Toys R Us Seeks Investors To Back Rescue Financing, Bankruptcy Contingency Plans – Forbes

By Reshmi Basu and Hema Oza

Toys R Us has been attempting to grow into its highly levered balance sheet for arguably the last 12 years – ever since its $6.6 billion leveraged buyout by an investor group led by KKR, Bain Capital and Vornado Realty Trust.

Since then, the company has weathered the consumer pullback spawned by the financial crisis, as well as the dramatic change in shopping habits wrought by online shopping and the Amazon behemoth. Through it all, the company managed to continue refinancing and extending various tranches of the over $5 billion debtload that it took on to back the 2005 LBO.

But Toys’ earnings have continued a downward trend this year, and it faces $440 million of debt maturities in 2018 followed by $2.6 billion in 2019 that it’s so far been unable to address. In recent months, the company hired outside advisors from both Lazard and Kirkland & Ellis that specialize in restructuring to help map out a plan. Increasingly, investors acknowledge that plan could include a bankruptcy filing of one or more Toys entities, sources told Debtwire.

Albert Herring/ Mike Kalasnik

Toys R Us & Babies R Us York, PA

Bondholders at Tru Taj LLC, one of Toys’ international segments, along with potential new investors, have entered into restricted discussions with Toys and its advisors about raising around $400 million in new secured financing for the retailer. The capital could be used as a short-term rescue to address the 2018 debt maturities, or as a backup it could be structured as debtor-in-possession (DIP) financing, sources said familiar with the talks said. DIPs are super-priority loans used to finance a company’s Chapter 11 bankruptcy process.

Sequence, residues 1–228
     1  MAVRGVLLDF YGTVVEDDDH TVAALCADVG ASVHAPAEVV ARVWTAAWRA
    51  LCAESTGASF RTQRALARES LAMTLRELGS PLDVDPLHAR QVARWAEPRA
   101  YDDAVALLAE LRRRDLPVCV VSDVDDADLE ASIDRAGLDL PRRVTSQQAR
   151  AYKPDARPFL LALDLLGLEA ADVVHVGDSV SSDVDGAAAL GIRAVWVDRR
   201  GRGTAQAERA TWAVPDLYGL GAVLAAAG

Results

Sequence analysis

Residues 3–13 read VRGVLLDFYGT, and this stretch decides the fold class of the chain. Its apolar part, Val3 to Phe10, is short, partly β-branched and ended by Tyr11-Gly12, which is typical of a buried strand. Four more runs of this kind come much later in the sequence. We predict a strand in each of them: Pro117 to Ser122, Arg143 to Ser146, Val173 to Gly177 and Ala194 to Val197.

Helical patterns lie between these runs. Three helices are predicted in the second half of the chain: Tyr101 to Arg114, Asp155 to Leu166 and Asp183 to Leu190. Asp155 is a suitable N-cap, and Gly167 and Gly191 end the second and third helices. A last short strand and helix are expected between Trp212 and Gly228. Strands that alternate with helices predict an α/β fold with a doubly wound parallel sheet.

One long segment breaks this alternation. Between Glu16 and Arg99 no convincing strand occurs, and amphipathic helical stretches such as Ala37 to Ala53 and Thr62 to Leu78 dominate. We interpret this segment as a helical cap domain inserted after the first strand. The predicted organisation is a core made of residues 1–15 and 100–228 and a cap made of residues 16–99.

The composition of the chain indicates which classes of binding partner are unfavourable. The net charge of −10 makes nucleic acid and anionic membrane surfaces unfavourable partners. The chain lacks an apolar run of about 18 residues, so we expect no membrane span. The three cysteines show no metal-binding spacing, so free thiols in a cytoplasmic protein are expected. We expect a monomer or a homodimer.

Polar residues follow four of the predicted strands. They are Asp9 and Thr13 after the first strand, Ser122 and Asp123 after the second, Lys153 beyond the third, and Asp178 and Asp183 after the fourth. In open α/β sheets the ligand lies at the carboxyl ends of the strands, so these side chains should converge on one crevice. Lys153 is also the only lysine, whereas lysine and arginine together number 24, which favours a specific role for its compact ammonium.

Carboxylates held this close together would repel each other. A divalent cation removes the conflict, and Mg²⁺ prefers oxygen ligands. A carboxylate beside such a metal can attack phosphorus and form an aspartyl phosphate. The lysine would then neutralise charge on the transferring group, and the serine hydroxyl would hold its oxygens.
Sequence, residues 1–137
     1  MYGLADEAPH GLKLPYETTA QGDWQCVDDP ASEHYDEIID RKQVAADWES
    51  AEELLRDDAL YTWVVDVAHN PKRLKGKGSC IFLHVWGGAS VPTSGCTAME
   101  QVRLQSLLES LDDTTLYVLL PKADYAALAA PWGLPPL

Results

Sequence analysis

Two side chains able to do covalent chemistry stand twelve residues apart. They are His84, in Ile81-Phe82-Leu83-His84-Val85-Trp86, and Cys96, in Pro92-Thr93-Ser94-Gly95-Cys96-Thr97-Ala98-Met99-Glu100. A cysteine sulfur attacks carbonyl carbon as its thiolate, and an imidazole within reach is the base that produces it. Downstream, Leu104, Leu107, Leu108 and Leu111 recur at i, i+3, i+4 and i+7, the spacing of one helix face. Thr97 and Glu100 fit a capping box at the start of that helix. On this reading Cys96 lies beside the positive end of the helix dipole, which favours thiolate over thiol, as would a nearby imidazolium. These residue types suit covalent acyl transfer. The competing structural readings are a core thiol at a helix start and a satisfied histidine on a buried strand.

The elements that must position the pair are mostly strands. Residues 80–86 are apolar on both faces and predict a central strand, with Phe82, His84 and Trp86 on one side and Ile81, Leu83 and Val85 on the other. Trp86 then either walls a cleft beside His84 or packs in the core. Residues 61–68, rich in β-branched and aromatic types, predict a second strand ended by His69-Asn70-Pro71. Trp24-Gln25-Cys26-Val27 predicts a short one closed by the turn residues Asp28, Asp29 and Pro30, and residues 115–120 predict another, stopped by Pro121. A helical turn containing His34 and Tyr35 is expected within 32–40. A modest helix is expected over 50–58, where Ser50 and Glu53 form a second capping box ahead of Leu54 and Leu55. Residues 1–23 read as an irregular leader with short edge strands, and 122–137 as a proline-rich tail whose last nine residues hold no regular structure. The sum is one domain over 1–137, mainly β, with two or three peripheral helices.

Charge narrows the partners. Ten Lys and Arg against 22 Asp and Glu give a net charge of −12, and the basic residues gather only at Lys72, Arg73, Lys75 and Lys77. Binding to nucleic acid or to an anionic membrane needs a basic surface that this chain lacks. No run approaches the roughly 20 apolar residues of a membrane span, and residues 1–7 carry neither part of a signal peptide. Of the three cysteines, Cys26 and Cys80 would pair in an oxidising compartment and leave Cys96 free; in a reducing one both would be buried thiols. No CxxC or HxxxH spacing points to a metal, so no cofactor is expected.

Given the company’s hefty consolidated leverage at around 7x its debtload, new capital would have to be directly secured by assets – but Toys’ existing debt agreements present a maze of limitations on securing new debt. The Taj entity currently has modest leverage at 3.6x and offers the possibility of liens on some of the international assets – making Taj a focal point for the liability management talks, sources said.

Holders of the $575 million 12% secured notes due 2021 at Taj have been organizing with advisor GLC Advisors, sources said. The tranche was born last year out of negotiations former holders of a 2017 Delaware holdco bond who worked to swap into new debt at an entity with a more direct claim to international assets, long viewed as the company’s growth spigot.

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